On January 5, 1920, Katie and her family lived on Bryant Street in the 216th District of Athens, Clarke County, Georgia. Her father was a laborer in a cotton mill. Her older sisters Mozelle and Clyde were also working in the cotton mill, as winders. Her oldest sister, Florrie, had married Henry Cody, and together with their sons Belmond and Ralph, were also living in the home. Henry worked as a weaver in the cotton mill. The Brewer family lived next door. Katie’s sister Clyde would eventually marry their son Fred.

Katie attended Nantahala Night School in 1921, a year in which baseball was getting a lot of attention at the school. That year, the boy’s baseball team gained a “big brother” who coached and managed the team—a local Rotarian by the name of H. A. Pendergraph. In addition to Mr. Pendergraph, the baseball field was brought up to “first-class condition for games.” I know from experience what a difference the facility can make to a team so that in itself was big. Like many 14-year-old girls, Katie supported her school by attending the boy’s baseball games to cheer on their team. But Katie and some of her school mates wanted more. They wanted a team of their own, so according to the Athens Banner on May 18, 1921, chose “two practice teams under the captions of Reds and Blues, with the following line-ups: Reds.—Jessie Pledger (captain), p; Cleo Stephens, 1b; Lillie Brooks, c; Thelma Pledger, cf; Eunice Epps, 2b; Darline Pierce, 3b; Corinne Stephens, ss. Blues.—Mary Summers (captain), 1b; Inez Jackson, 2b; Floy Nunnally, p; Kate Langford, c; Lottie Waters, 3b; Ruby Summers, cf; Ola Epps, ss. Coach, Clemon Kirk.” On August 26, 1921, Katie and her sister Clyde attended a picnic supper with members of the Nantahala Night School baseball team and Athletic Association held at Barnett Shoals in Athens as reported by the Banner-Herald on August 28, 1921.

At the age of 16, Katie contracted maniacal chorea and died in an Athens hospital on April 19, 1922. She had been attended by her doctor for a month before her death. I had never heard of maniacal chorea (aka chorea insaniens), so of course I had to Google it. After going through many web pages, the best description was found in the English Glossary of Causes of Death and other Archaic Medical Terms. Maniacal chorea is “a grave form of chorea usually seen in women, and associated with mania, and usually ending fatally.” The glossary described chorea as “St. Vitus’s dance; a disease attended with convulsive twitching and other involuntary movements of the muscles or limbs. [Webster1913]. Any of various disorders of the nervous system marked by involuntary, jerky movements, especially of the arms, legs, and face, and by incoordination. [Heritage].” How scary and sad that must have been for the Lankford family. Katie lived at 188 Park Avenue at the time of her death. Her obituary noted that she was 14 years old vs. 16 recorded on her death certificate. Her death certificate also listed her occupation as “domestic” so it’s possible she was working outside the home helping to support the family. She was a member of the West End Baptist Church in Athens. Her funeral was held at Penfield Baptist Church at 4 PM on April 20 followed by burial at Penfield Cemetery. Dunaway and Sons Funeral Home were in charge of the arrangements.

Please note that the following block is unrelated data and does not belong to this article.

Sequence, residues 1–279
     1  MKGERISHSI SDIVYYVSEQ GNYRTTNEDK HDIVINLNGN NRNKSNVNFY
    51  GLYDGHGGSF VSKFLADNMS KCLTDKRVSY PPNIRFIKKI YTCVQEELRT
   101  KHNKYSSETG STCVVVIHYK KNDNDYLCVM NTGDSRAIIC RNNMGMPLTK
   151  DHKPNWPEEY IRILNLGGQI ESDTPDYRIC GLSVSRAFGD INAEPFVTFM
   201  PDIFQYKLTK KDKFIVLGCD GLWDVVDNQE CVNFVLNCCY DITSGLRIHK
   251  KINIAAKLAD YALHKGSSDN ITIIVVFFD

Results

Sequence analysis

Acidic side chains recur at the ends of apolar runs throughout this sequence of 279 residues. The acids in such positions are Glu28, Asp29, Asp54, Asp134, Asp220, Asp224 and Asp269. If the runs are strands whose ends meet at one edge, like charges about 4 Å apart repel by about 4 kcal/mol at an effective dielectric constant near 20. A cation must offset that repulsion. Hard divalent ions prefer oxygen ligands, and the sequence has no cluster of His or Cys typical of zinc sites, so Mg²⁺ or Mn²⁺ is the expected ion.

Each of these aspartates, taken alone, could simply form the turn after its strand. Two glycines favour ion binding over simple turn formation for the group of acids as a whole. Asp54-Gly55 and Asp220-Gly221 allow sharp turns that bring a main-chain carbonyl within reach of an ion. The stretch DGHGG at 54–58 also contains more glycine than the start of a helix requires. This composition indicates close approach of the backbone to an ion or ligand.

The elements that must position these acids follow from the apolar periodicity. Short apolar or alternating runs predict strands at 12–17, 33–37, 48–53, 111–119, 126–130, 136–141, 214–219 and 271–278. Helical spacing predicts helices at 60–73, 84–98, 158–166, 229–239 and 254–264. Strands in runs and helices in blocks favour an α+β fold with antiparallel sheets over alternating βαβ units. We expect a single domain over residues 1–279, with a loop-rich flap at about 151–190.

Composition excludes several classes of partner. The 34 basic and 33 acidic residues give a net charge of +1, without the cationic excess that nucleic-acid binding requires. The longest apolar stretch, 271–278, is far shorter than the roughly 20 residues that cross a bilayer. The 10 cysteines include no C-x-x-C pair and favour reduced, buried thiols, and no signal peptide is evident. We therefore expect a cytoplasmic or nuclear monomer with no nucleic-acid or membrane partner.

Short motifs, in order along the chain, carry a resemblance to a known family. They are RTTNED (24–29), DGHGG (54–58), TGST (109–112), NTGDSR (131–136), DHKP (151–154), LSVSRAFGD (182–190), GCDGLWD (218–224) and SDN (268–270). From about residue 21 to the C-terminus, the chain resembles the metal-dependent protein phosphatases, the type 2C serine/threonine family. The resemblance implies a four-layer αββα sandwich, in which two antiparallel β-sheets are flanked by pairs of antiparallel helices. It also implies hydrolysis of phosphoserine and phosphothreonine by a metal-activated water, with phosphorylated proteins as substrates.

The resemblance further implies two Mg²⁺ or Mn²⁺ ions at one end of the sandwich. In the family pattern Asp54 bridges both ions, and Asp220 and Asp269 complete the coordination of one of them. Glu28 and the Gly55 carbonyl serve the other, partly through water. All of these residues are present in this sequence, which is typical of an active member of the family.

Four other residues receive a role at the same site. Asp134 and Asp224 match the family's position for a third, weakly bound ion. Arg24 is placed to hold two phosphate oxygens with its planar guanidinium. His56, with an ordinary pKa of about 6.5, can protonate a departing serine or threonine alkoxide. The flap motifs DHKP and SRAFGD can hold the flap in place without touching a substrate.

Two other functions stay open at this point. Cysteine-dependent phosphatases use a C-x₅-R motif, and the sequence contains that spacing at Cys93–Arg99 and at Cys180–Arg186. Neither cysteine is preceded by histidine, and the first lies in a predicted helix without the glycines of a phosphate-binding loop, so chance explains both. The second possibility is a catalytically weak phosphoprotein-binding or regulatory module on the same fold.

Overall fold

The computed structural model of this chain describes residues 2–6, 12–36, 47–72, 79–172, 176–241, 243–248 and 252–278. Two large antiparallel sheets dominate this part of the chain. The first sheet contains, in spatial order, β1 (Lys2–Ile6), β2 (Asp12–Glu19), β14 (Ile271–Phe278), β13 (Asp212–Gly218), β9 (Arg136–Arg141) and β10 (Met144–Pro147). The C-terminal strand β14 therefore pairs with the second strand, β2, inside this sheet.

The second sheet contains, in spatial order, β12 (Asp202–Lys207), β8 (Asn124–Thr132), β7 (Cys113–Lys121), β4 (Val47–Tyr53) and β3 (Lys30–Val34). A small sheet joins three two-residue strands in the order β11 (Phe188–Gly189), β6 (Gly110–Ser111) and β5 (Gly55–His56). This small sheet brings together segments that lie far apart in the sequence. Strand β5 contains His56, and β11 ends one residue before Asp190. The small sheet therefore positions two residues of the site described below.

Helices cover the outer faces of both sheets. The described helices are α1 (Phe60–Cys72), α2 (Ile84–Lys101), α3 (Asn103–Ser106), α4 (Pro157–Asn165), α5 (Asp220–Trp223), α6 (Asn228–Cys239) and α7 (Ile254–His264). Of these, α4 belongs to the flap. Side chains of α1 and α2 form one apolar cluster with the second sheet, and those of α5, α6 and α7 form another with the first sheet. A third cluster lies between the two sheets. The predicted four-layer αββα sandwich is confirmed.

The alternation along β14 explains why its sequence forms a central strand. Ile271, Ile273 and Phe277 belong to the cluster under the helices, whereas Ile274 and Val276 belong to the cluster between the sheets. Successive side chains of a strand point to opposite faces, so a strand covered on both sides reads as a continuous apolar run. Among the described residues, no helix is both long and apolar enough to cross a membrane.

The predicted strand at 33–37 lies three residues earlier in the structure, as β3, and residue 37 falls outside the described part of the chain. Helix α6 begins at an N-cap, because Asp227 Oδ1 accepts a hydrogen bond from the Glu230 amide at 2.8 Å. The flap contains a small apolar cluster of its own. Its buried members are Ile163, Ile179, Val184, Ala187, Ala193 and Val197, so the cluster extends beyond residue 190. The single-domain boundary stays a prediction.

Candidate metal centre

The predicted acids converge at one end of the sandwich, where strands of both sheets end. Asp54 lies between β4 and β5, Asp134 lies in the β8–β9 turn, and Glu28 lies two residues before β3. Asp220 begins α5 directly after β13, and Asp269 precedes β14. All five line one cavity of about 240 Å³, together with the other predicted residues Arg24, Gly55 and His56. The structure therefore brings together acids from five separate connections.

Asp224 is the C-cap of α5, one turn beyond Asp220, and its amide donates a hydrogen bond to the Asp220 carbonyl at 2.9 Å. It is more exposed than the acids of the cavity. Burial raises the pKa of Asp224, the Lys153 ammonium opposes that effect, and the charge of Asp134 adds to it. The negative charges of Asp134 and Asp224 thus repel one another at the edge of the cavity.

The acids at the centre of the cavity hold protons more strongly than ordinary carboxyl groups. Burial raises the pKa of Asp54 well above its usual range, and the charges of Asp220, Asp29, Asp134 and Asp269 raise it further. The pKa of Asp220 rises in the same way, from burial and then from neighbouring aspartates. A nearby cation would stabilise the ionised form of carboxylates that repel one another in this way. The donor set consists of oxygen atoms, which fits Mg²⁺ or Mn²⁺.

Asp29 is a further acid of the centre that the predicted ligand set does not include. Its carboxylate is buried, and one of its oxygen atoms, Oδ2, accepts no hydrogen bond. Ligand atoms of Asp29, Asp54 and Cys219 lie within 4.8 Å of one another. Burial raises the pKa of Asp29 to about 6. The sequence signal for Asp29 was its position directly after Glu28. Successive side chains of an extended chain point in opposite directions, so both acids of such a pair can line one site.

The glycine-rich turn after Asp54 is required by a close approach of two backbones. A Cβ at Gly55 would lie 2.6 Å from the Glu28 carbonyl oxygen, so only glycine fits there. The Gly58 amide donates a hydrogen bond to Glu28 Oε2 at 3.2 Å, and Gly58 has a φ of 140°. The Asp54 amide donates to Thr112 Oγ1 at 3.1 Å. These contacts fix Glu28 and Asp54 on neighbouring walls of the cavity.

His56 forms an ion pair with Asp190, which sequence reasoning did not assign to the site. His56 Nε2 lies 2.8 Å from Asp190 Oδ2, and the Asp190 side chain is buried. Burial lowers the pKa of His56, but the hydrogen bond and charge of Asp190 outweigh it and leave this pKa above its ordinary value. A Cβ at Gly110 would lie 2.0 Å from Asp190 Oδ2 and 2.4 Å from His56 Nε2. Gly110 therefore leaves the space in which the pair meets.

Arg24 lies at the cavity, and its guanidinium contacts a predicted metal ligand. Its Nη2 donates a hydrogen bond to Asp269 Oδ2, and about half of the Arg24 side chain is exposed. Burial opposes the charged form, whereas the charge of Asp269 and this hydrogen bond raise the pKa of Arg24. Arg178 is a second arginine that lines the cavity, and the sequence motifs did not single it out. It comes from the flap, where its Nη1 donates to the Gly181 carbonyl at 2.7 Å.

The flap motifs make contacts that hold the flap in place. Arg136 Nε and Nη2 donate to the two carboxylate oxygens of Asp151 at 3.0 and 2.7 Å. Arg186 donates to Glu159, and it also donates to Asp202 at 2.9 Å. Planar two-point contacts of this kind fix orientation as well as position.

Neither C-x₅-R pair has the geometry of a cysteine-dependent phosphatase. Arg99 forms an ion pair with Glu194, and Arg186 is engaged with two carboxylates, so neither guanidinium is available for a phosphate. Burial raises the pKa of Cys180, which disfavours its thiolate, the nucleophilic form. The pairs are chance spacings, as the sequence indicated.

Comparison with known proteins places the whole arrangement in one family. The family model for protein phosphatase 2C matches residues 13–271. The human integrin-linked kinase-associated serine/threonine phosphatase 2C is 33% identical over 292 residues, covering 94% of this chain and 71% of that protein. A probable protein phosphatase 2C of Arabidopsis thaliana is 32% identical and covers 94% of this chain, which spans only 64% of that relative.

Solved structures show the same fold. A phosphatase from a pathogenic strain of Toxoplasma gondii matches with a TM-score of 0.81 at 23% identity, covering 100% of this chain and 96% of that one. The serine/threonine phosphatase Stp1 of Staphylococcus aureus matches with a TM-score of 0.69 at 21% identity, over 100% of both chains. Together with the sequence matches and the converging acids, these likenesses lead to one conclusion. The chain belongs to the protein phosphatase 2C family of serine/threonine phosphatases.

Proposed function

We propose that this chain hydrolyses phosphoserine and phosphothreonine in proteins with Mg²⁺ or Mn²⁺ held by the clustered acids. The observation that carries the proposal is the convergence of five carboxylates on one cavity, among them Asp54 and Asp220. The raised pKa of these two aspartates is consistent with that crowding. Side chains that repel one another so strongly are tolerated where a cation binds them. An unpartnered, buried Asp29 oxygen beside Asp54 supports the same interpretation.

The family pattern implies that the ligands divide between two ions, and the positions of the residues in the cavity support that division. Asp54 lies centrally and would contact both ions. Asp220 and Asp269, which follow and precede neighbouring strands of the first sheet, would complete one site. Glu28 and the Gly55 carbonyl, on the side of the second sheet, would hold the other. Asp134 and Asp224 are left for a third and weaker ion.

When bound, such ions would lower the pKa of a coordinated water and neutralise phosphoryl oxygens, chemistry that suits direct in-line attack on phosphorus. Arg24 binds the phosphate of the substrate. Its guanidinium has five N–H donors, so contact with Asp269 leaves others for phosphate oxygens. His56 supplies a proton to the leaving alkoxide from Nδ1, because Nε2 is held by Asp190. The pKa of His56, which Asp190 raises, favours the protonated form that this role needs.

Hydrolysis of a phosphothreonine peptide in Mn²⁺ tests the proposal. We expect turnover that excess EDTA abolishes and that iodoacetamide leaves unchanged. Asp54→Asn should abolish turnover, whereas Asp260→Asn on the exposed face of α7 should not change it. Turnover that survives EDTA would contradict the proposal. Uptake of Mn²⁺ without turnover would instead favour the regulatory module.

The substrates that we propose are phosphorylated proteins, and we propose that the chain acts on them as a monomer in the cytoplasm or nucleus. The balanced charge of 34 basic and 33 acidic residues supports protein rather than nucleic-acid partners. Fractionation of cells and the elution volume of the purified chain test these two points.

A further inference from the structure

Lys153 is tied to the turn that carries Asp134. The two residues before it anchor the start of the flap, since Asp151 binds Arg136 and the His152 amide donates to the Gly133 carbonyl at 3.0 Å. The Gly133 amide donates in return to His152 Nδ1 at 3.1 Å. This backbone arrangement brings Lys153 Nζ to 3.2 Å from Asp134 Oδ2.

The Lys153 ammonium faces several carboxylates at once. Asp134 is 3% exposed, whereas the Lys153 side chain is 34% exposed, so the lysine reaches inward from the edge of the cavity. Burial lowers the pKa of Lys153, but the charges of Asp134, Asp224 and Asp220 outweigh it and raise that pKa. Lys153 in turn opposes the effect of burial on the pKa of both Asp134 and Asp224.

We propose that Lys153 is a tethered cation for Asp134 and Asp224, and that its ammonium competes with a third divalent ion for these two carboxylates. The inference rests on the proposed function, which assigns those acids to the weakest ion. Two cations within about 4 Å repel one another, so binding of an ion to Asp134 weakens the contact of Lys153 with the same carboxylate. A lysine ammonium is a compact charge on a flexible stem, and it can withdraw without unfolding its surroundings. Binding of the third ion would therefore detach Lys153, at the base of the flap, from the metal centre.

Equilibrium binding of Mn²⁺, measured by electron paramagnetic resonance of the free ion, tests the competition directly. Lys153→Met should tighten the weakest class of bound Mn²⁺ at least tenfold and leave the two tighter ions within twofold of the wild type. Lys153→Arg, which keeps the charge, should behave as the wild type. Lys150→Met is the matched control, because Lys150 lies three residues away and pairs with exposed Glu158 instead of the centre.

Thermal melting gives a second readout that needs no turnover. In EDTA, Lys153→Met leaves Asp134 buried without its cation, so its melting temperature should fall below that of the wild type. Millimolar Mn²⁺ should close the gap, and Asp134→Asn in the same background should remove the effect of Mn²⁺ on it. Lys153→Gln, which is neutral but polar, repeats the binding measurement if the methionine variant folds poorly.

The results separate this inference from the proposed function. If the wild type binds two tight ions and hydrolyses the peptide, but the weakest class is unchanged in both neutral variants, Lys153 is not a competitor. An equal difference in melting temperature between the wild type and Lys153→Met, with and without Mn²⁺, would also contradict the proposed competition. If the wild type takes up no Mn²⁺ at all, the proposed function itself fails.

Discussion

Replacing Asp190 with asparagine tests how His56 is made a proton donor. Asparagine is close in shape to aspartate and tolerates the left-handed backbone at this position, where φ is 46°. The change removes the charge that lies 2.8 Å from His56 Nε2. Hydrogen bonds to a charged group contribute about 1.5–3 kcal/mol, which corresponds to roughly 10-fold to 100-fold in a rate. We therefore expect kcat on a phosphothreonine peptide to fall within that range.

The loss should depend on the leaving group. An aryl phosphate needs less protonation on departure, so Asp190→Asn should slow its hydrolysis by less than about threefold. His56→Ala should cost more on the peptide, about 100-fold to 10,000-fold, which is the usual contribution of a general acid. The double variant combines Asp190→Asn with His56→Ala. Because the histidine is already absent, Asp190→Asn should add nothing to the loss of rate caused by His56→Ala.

Katie's stone at Penfield Cemetery


  • Chorea Insaniens, English Glossary of Causes of Death and other Archaic Medical Terms;
  • Kate Langford, Georgia Deaths, 1919-98.
  • Kate Langford, Georgia, Deaths Index, 1914-1940.
  • Kate Langford, Standard Certificate of Death, no. 8901, Bureau of Vital Statistics, George State Board of Health.
  • Katie Lankford, Penfield Cemetery, Find A Grave Memorial 22552312, U.S., Find A Grave Index, 1700s-Current.
  • Santa Claus Letters, “Athens Daily Herald,” p. 5, December 19, 1914.
  • Sandman Club Members, Attention!, “Athens Daily Herald,” p. 2, June 18, 1915.
  • Sandman Club Members, Attention!, “Athens Daily Herald,” p. 5, June 22, 1915.
  • Sandman Club Members, Attention!, “Athens Daily Herald,” p. 6, July 7, 1915.
  • Night School at Nantahala Has a Great Big Brother, “Athens Banner,” May 18, 1921.
  • Picnic at Barnett Shoals, “Banner-Herald,” p. 3, August 28, 1921.
  • Miss Katie Langford Died on Wednesday, “Athens Banner,” April 20, 1922.
  • U.S. Federal Census, Schull Shoals, Greene, Georgia, 1910.
  • U.S. Federal Census, Athens Ward 4, Clarke, Georgia, 1920.

1 comment:

  1. What a series of tragedies for the family. I can't imagine living through a series of deaths like that.